Onset of mental health disorders also often occurs at the same time young adults experience rapid developmental changes and increased social pressures, said Beth Yurman, a licensed psychologist at Spectrum Services in New York City. This can lead parents to think some of their youth’s issues are just part of growing up with autism rather than a separate challenge warranting intervention.
A student with autism may start to stick out among his middle school peers for his lack of social graces, for example, and become the brunt of bullying, Yurman said. This can start the student on a downward spiral of feeling frustrated, hopeless, overwhelmed, anxious or angry.
Bullying prompted Tracy’s son to withdraw after years of being the quirky, funny younger brother of a popular track and football athlete.
“School started to become a very significant stressor in John’s life and he became very angry and irritable,” Tracy said. “We thought it was just adolescence and that we would get through it. But we were really seeing cycles of rage in a person who was becoming severely mentally ill.”
The mood changes Tracy witnessed occurred without much warning or a clear trigger.
“It was so tricky,” she said. “Sometimes he seemed so good. Then we would be sitting at the dining room table and he would just explode.”
Abrupt changes in behavioral patterns without substantive situational changes are often red flags of mental illness, Duckworth said.
“Clinicians are reluctant to give additional diagnoses because people with autism can have some trouble regulating their moods,” he said. “But if a pattern of mood changes emerges and it is unrelated to environmental changes, such as a family move, I would wonder if there were also mental illness.” It is important to recognize that those with lower cognitive functioning are likely to exhibit ongoing problems with aggression that would not be related to bipolar disorder, Duckworth added.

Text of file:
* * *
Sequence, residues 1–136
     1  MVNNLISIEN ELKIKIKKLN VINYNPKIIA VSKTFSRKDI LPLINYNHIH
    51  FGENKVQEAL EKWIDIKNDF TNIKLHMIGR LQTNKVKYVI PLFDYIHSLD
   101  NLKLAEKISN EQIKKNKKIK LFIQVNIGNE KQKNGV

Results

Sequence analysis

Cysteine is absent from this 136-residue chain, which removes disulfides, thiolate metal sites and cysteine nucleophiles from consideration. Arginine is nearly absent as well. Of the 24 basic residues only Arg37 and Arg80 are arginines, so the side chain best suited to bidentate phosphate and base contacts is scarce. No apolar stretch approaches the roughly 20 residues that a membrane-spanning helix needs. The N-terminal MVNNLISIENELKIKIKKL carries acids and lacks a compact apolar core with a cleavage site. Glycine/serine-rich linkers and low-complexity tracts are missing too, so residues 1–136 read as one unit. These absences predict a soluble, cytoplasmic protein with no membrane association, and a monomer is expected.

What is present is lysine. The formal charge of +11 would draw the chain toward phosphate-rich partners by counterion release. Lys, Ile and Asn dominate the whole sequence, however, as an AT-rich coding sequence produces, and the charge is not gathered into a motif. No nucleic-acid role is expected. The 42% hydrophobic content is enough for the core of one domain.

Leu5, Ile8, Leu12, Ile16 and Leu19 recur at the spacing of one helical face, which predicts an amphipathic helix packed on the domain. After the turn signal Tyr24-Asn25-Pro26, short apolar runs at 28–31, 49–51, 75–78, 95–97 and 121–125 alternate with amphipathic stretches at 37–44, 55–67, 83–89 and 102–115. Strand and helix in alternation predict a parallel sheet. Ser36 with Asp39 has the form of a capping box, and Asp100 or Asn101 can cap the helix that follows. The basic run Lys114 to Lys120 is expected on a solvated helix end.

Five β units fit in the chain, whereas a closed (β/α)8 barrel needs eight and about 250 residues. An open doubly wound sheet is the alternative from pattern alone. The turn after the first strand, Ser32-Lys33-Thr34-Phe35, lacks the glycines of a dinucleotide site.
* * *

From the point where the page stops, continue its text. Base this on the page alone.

“In people with and without autism, bipolar disorder also has an element of periodicity to it,” he said. “If a person is frustrated or aggressive on a regular basis, he would not fit the profile of a person with an independent bipolar diagnosis.”
The DSM-IV precludes clinicians from diagnosing some comorbid conditions in people with autism spectrum disorders. But that doesn’t mean you shouldn’t discuss these issues with a doctor if you believe they merit intervention beyond what may come with an autism diagnosis.
This is particularly important if you have a family history of mental illness. A 2008 small Japanese study found that 37.5 percent of individuals with autism and a mood disorder had a family history of mood disorders. Tracy said there is schizophrenia and bipolar disorder in her husband’s family background.
Note how these mental health issues may show up in young adults with autism: